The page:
January 2007 Investment Report

January market movers: solid economic data, falling oil prices, and a continued pause by the Federal Reserve.

U.S. and world stock markets began the year by declining on broad concerns regarding the prospects for world economic growth, particular in Japan. However, the strength of U.S. economic data released during the month of January provided investors with additional confidence regarding the future direction of the world economies. The outlook for the Japanese economy also improved.

Job growth was strong in December …

… as employers added 167,000 new jobs. Additionally, October and November job gains were revised upward. The unemployment rate remained steady and low at 4.5%.

Consumer Confidence edged to a five year high in January.

Consumers appear to be more upbeat given the strong job market and declining energy prices.

Fourth Quarter GDP estimate was higher than expected at 3.5%…

… as consumer spending surged, exports improved, and imports declined. The Q4 estimate of 3.5% is much stronger than 2% recorded for Q3. The continuing slowdown in housing does not seem to be affecting other areas of the economy.

The Federal Reserve left rates unchanged …

… at 5.25%, while acknowledging the improving economy and the stabilization of the housing market. The Fed also noted that “inflation pressures seem likely to moderate,” erasing investor expectations that the Fed may have to raise rates to fight inflation.

Oil prices continued to fall in January …

… on warmer than average weather and an abundance of petroleum supplies. Oil rebounded toward month end on forecasts of colder weather. Lower oil prices could translate into more disposable income for consumers leading to stronger economic growth.

Fund Performance

The General Board’s investment funds generally began the year on a positive note with all but one of the funds increasing in value. Compared to fund benchmarks, three funds performed better than their benchmarks, two funds matched their benchmarks, and one fund underperformed its benchmark.

The Inflation Protection Fund was fractionally higher but very slightly underperformed its performance benchmark return of 0.1%. The Inflation Protection Fund is comprised of three separate investment portfolios. 65% of the assets are invested in an index portfolio that is designed to exactly match the fund’s benchmark. 25% of the assets are invested with an active manager that is permitted to invest in international inflation linked bonds and other types of fixed income securities if the manager believes that better value can be found outside of the U.S. inflation linked bond market. The final 10% of the fund is invested in a portfolio comprised of commodities futures contracts. The commodities portfolio provides diversification and reasonably represents trends in inflation. During January, the active portfolio manager added value by investing a significant portion of the fund’s assets in securities other than U.S. inflation linked bonds. This value added, however, was offset by declining commodities prices which adversely impacted the performance of the fund.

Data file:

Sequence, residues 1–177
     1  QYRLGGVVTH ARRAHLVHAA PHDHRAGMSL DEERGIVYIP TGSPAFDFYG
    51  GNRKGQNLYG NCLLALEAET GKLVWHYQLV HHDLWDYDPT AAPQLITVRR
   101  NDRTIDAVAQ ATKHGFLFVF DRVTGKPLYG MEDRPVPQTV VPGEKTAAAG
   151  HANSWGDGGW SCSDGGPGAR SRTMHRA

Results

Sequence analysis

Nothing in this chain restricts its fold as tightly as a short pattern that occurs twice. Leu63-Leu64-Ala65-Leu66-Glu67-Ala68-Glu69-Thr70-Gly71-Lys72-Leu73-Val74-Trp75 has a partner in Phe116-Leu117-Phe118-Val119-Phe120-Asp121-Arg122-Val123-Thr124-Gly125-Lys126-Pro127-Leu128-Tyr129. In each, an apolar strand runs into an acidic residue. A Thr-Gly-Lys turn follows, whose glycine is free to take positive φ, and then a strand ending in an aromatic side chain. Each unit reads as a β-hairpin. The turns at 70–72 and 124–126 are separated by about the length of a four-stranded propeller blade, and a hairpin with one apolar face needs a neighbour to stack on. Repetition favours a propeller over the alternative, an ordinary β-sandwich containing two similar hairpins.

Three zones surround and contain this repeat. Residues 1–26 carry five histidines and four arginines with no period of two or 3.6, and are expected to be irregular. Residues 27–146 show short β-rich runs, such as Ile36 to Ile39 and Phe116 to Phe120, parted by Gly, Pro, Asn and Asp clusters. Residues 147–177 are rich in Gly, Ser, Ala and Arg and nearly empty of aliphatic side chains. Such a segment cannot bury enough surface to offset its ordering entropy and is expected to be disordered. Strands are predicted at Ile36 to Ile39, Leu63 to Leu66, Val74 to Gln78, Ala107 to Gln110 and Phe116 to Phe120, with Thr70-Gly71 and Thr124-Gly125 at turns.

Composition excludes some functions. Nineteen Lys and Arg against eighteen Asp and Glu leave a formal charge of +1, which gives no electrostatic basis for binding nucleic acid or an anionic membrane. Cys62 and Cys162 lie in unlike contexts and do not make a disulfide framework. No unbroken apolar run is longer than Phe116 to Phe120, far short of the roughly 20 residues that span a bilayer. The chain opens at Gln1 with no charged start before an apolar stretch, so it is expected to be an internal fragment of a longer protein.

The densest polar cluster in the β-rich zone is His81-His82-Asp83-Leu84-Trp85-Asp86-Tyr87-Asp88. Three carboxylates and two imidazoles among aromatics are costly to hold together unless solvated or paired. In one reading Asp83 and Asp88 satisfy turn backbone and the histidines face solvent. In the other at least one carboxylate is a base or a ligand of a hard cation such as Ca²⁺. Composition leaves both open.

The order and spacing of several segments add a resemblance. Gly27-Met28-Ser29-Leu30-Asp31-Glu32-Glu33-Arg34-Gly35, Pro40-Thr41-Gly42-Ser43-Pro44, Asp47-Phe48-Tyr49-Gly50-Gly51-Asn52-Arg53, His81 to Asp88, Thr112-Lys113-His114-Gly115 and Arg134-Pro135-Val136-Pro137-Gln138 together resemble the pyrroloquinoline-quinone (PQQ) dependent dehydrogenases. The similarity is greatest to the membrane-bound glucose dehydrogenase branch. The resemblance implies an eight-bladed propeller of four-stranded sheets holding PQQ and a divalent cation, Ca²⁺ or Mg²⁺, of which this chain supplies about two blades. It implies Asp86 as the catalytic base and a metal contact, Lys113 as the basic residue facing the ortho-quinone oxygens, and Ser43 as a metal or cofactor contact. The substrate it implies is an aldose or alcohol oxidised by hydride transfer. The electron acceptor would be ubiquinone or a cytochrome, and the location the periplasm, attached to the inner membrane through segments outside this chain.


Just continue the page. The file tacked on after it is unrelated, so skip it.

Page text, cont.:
The Domestic Bond Fund was the only fund that declined in value for the month of January. The fund declined 0.3% despite a 0.1% gain in the fund’s performance benchmark. Interest rates increased slightly during the month, which had an adverse impact on bond prices. The average maturity of the bonds held in the fund is longer than the average maturity of the bonds that comprise the benchmark. Hence, the performance of the fund will be adversely impacted when compared to the benchmark in a rising interest rate environment. Additionally, the U.S. dollar appreciated against foreign currencies during the month and this adversely affected the performance of the fund’s global bond portfolio.

The Domestic Stock Fund gained 2.3% in January and produced an investment return that was 0.4% better than the performance benchmark. U.S. stocks advanced as the market gained greater acceptance of the notion that the economy would continue to grow without the threat of inflation. The fund performed better than its performance benchmark due to a slight preference by the fund’s investment managers for investing in companies expected to grow earnings at a rate faster than the overall economy. The fund also benefited from its real estate holdings as a result of a bidding war to acquire the largest publicly traded real estate investment trust (REIT). The General Board’s public REIT portfolio gained 9% in the month of January.

The International Stock Fund gained 0.4% and matched the performance of the fund’s benchmark. Although the manager of the fund’s portfolio that invests in the stocks of small international companies underperformed its benchmark, excess performance compared to benchmarks by other investment managers in the fund offset this shortfall.

The Multiple Asset Fund gained 1.0% compared to the 0.9% return of the fund’s performance benchmark. The fund benefited from both the absolute and benchmark relative performance of the Domestic Stock Fund although this was partially offset by the absolute and benchmark relative performance of the Domestic Bond Fund.

The Balanced Social Values Plus Fund gained 1.9% and outperformed its benchmark by 0.7%. This excess performance is attributable to the investment manager’s investment style that focuses on companies expected to grow earnings faster than the overall economy. Growth stocks performed better than the overall stock market in January.

Note: The stock market tables that normally appear at the end of this report do not appear this month. We are evaluating meaningful alternative charts to present with this report.

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